So, with this week's Coronavirus press conference in The Netherlands... the expected news that we are will be continuing the existing lockdown for at least another 3 weeks. With that, comes the now quite unsurprising calls and emails from the various ensembles and concert organisers who have to cancel the next few weeks of concerts... even the small ones which have divided audiences, and some recorded ones where it just isn't economically feasible to open a house and hire staff.
School is also not due to return back to in-person teaching until at least a week from now. In a week, they will hopefully be able to assess the impact of the new UK variant of the Coronavirus and if that will be an impediment to sending the basis-schoolers (primary school) back. Until then, parents like us will have to deal with the double whammy of lost work and trying to school kids at home as well. It could be worse, I guess...
Little things to try and keep myself productive this week. My wife was complaining that the Clavichord was out of tune and if I could tune it back up for her. It's a couple of hours of listening and tuning... in some ways, quite tedious... but in other ways, quite calming as well!
I use a variant of the early-Classical/late-Baroque Vallotti temperament for tuning the instrument... well, it's really the easiest of the tuning temperament for me to do quickly. Plus, as it is closer to equal tempered than other tuning systems, it also means that it isn't quite so sour in keys that are far from the centre of tuning.
Tuning by hand and ear (not using a machine) means that I tune the middle two octaves to the temperament system using a cycle of fifths that are a touch close in the flat-wise direction which should give purer thirds in the most common keys, whilst tucking the wolf fifth in a faraway key that shouldn't be used too much in Baroque/Classical music.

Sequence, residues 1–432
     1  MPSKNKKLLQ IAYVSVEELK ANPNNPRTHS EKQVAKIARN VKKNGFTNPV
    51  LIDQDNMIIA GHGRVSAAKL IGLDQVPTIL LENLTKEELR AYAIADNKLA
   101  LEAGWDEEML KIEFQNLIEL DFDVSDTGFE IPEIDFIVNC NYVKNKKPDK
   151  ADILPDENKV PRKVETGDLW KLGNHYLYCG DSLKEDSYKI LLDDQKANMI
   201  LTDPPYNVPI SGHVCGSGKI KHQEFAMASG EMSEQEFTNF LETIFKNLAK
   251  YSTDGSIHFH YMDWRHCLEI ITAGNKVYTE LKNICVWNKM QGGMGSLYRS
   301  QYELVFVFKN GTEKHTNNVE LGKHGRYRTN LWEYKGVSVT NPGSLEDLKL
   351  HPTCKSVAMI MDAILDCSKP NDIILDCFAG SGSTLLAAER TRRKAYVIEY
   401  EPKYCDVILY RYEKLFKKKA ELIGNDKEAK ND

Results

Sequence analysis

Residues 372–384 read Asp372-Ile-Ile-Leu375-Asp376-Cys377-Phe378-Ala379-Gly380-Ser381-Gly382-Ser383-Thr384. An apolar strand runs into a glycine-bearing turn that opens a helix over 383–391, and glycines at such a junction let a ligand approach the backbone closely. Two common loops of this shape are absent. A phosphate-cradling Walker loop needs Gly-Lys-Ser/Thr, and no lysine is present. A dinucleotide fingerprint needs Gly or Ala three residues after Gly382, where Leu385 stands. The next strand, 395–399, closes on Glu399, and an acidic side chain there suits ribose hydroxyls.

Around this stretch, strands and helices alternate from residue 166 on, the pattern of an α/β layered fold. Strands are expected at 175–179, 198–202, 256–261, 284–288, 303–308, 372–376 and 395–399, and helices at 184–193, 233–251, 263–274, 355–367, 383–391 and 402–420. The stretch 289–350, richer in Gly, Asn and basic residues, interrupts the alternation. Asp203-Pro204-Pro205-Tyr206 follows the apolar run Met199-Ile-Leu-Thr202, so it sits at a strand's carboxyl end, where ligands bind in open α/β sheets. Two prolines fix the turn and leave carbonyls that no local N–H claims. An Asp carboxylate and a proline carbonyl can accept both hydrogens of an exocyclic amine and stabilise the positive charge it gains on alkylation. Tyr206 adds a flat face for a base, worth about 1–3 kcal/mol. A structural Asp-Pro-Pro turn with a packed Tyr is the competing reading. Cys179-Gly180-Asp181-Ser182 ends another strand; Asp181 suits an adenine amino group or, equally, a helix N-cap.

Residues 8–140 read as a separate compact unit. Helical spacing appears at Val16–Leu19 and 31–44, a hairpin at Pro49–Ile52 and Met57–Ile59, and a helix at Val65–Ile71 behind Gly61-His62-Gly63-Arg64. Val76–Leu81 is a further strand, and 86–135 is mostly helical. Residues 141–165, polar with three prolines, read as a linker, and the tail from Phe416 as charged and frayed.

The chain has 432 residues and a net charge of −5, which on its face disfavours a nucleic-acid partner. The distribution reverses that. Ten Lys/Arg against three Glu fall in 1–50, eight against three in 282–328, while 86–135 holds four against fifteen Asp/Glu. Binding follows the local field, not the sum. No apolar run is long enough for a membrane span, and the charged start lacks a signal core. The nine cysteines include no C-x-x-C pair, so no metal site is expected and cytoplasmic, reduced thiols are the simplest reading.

After the middle two octaves are properly tempered, I have to tune the rest of the keyboard with octaves. On a harpsichord, it is pretty fast... with a Clavichord (and the fortepiano) it is significantly slower as there are doubled unison strings for each note... which need to be damped and tuned individually. PAIN IN THE #@$%W$%!
Starting at A=415 Hz as the reference pitch... I found that the clavichord had retained most of the tuning from last time... but had moved up quite significantly in pitch to probably around A=420Hz. So, it would be a bit of a chore to bring it all back down... and hope that it would retain the tuning and not start settling up towards the higher pitch again! Probably would need a retouching in a couple of days...
As I started with the tempering of the middle two octaves, I finished the flatwise circle of fifths and was starting upon the sharp-wise progression when I came across the E below middle C which was striking two completely different notes on the unison! Actually, it wasn't so bad... they made a nice chord... but not very good because they were supposed to be the same bloody note!
So, I managed to wrangle the first of the unison strings into the right spot... but as I was tuning the other string (which was very far away from the correct pitch), it kept slipping downwards... Well, as a violinist, I knew what that meant... I kept turning the peg, and the pitch would keep slipping backwards and flatter. Soon enough, it snapped completely...
That was the end of the tuning session as I called the harpsichordist from which we are loaning the instrument. He had several rolls of strings.. but I had no idea what the diameter of the string was as I don't own a set of callipers. Probably something that I should get, seeing as it would also be handy for measuring the string gauges on my violin which I just tend to memorise instead!
I probably could finish off tuning the rest of the instrument and just leave this particular note with a single string and install the replacement string later... but, for the moment, my concentration is broken and workers have started using power equipment outside the window (and a clavichord is REALLY REALLY QUIET!). I'll try finishing it tomorrow!
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